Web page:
TNN Jul 21, 2019, 10.38 AM IST
NEW DELHI: In a step towards controlling high prices of commonly used medical devices, the government is set to identify a list of “essential medical devices”, expected to be a precursor to anti-profiteering measures such as capping trade margins in the range of 30-50%.
The list is intended to be the basis for policy action intended to prevent distributors, wholesalers, retailers and even hospitals from seeking exorbitant trade margins on products like stents, catheters and various implants. Capping trade margin in the 30-50% range may at first sight appear high but reflect a balance, sources said.
Currently, medical devices are largely out of government price control. Just four items — cardiac stents, drug eluting stents, condoms and intra uterine devices — are in the National List of Essential Medicines and fall under government’s purview. Apart from these, only knee implants have been recently brought under price control.
Indian Council of Medical Research — the research and analysis wing of health ministry — has called a meeting with all stakeholders on July 26 to discuss concerns relating to the pricing after which it may finalise the list. While some sections call for cap on MRP, the government is inclined to checking trade margins.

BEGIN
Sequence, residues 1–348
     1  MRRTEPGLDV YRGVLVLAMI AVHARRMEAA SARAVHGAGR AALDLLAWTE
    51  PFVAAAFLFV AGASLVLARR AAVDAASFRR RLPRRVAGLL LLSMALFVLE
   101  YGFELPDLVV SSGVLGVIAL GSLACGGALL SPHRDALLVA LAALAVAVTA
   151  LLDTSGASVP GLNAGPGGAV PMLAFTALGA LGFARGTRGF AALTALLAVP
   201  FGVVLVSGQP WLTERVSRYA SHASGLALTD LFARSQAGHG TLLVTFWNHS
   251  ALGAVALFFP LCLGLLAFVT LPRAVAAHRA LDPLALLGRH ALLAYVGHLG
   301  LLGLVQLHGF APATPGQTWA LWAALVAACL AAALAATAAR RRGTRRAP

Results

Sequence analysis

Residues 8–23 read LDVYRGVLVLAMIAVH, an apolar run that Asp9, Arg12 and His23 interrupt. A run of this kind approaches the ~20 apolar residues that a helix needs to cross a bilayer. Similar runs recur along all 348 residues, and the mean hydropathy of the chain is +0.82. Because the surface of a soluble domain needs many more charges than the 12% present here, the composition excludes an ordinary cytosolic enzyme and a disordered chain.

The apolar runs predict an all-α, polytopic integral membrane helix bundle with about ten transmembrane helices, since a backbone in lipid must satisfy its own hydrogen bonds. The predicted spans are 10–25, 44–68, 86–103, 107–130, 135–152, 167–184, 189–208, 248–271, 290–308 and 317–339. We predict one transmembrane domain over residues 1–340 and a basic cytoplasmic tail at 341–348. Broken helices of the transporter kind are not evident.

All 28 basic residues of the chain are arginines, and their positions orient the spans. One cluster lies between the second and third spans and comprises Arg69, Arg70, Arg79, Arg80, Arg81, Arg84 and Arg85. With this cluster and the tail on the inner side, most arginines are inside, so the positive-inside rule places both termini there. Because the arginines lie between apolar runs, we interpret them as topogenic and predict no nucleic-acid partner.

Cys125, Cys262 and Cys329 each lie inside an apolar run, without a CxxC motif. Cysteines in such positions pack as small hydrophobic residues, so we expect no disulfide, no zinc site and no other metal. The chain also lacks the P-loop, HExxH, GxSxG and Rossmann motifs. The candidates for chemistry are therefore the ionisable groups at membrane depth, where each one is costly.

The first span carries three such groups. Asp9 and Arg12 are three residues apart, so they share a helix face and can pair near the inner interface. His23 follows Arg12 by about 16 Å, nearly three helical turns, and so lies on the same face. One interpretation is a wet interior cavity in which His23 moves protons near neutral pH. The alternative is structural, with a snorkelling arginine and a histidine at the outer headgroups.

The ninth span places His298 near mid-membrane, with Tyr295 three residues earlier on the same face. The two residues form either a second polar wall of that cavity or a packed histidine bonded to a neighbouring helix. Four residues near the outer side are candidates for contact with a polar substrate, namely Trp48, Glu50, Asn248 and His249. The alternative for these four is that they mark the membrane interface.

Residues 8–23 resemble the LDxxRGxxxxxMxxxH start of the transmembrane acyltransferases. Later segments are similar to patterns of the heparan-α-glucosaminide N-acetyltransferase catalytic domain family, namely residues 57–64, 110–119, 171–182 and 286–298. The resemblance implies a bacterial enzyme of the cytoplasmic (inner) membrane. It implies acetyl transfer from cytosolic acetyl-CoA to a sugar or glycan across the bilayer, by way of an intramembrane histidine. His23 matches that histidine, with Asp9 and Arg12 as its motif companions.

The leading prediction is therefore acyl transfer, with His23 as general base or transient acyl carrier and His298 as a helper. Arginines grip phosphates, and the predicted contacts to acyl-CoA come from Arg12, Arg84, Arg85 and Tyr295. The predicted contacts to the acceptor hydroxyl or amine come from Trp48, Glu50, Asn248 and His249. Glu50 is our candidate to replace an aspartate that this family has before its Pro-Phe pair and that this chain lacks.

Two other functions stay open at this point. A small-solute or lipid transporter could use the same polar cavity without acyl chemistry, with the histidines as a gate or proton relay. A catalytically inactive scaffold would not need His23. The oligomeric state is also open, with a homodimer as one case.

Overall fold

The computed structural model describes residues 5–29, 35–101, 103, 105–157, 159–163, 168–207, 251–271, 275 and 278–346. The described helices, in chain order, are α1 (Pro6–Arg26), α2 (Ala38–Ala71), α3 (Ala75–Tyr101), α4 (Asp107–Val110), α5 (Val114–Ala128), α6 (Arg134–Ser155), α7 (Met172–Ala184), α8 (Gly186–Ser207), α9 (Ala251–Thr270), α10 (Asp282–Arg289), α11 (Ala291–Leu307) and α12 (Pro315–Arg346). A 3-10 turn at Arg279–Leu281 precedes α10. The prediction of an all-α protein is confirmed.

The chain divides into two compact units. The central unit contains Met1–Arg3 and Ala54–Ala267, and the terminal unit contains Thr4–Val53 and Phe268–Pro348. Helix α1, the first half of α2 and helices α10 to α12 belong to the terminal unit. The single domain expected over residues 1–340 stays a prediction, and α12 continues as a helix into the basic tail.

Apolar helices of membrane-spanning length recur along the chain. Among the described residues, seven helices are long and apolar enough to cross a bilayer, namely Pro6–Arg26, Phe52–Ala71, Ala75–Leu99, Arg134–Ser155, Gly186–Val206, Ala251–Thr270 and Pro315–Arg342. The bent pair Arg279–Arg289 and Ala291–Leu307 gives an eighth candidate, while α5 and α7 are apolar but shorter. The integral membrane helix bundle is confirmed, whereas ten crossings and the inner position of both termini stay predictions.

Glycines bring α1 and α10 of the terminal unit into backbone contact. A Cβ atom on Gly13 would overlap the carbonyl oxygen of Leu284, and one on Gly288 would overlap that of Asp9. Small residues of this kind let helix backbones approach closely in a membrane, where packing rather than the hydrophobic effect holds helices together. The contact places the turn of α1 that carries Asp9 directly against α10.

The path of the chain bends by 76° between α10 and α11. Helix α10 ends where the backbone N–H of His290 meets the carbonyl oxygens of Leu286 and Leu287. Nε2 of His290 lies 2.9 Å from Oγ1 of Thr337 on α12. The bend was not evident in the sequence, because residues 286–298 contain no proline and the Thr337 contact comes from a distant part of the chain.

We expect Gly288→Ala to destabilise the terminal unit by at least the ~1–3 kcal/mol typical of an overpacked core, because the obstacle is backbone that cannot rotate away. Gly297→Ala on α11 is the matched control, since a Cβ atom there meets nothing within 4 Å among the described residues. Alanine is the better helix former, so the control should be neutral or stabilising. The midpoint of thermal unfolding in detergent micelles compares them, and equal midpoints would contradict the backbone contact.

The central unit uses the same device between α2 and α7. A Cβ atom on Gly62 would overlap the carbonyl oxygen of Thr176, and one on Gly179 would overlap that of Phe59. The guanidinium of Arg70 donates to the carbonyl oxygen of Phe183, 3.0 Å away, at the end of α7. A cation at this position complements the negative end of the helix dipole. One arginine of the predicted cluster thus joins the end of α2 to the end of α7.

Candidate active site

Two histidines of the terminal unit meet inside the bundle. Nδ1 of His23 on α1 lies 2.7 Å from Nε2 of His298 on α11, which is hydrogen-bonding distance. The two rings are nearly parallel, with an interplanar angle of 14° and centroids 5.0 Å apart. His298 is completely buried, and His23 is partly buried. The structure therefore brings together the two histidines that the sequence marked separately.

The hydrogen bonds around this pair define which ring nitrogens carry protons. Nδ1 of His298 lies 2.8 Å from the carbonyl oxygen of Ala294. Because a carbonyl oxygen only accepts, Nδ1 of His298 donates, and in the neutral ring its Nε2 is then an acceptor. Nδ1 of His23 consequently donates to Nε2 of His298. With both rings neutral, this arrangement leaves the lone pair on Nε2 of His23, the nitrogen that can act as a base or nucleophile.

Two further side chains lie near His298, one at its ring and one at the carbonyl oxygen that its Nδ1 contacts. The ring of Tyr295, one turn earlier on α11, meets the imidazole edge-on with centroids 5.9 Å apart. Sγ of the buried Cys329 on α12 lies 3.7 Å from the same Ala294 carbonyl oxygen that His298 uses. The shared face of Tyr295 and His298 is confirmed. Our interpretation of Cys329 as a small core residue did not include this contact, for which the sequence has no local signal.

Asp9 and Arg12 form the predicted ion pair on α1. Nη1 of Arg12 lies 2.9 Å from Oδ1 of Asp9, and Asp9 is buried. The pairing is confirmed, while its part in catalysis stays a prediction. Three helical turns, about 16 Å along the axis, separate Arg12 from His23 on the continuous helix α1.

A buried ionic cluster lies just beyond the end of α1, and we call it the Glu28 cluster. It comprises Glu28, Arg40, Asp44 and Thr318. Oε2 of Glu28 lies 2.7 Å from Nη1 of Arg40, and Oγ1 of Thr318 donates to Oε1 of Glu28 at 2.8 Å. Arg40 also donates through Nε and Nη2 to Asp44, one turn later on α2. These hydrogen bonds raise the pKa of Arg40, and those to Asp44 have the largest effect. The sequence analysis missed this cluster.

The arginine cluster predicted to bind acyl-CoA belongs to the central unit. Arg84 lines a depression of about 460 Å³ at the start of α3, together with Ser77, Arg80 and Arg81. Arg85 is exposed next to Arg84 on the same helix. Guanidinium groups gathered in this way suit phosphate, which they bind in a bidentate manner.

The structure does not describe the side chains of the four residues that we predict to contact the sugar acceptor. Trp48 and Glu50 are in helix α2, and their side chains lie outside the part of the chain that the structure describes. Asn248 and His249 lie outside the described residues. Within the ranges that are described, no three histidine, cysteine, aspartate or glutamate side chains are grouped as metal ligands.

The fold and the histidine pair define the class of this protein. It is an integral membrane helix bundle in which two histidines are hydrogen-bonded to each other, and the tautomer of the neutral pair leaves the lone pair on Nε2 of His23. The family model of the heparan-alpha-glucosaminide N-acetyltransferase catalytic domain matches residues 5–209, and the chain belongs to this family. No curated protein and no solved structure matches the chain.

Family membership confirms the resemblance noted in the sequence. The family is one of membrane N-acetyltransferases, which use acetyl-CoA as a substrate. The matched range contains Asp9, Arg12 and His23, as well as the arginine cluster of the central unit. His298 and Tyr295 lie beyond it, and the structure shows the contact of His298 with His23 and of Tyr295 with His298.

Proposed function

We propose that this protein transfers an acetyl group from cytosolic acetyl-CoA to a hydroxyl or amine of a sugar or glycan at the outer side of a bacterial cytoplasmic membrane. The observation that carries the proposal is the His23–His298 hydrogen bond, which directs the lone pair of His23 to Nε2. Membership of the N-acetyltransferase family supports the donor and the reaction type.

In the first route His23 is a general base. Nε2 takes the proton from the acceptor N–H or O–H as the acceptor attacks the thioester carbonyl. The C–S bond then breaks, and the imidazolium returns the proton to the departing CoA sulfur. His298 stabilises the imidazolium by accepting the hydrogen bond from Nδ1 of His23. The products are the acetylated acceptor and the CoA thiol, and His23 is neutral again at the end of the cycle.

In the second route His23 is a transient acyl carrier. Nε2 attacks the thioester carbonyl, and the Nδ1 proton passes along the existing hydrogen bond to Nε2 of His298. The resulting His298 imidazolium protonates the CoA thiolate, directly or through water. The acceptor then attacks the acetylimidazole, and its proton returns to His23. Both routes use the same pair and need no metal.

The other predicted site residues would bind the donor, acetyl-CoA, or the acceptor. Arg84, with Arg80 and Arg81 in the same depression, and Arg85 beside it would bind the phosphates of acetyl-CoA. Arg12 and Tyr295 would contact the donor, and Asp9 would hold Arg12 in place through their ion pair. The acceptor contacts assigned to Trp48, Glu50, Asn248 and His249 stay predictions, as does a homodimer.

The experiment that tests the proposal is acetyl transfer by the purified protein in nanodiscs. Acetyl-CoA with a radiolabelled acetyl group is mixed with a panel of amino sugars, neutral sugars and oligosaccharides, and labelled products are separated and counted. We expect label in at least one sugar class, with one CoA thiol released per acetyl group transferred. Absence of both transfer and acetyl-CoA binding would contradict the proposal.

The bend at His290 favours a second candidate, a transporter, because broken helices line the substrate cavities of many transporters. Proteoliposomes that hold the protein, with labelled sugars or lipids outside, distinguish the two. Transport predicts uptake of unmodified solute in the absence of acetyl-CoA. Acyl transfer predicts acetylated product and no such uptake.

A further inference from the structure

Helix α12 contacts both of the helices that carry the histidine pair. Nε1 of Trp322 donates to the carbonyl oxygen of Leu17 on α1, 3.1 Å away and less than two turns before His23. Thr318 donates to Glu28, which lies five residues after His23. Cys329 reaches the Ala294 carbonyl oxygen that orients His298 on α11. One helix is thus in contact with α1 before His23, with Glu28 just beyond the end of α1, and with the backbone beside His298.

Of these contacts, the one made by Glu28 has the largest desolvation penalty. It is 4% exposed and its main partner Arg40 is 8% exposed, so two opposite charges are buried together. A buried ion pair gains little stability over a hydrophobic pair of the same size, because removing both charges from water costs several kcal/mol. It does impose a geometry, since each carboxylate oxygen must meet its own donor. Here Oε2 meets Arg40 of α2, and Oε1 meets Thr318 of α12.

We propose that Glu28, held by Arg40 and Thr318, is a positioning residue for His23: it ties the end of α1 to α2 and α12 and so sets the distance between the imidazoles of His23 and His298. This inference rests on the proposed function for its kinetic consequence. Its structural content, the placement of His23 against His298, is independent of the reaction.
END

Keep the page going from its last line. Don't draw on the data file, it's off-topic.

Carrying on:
A number of consultations have taken place recently involving Department of Pharmaceuticals (DoP), National Pharmaceutical Pricing Authority (NPPA), Niti Aayog and Prime Minister’s Office (PMO). Last week, commerce minister Piyush Goyal had also sought representations from the industry after concerns over price cap on medical devices were raised, particularly by American companies.
While the government is ready with a plan to cap trade margins, the ceiling is under discussion. The DoP along with NPPA have proposed to cap the margin at 30% of the price to the distributor. However, Niti Aayog had earlier suggested fixing it at 65% but after PMO intervention, the government think tank has proposed a 50% cap.
But, public health experts feel the problem of high costs can’t be addressed only through capping trade margins and requires price fixation. “Margin capping could end up legitimising the real possibility of high landed costs and higher selling price to the patient,” says Malini Aisola of All India Drug Action Network.
Though both domestic and foreign medical device companies support trade margin rationalisation seeing it as a better option as compared to an overarching price cap on MRP, industry is divided on the formula for capping trade margin.
Foreign companies are seeking trade margin cap from distributor onward, local manufacturers say importers are also traders and ex-factory cost or the import price should be taken in consideration.
For a level playing field, the policy needs to equate an overseas manufacturer’s first point of sale at which their goods enter India with the ex-factory price of the Indian manufacturers,” says Rajiv Nath, forum coordinator of AiMed – an industry association of local manufacturers.
At present, India imports over 75% of all its medical device needs and around 80% of the imports include high-end products used in critical care. The total market of such products in India is worth about $6 billion, and is expected to grow to $50 billion by 2025.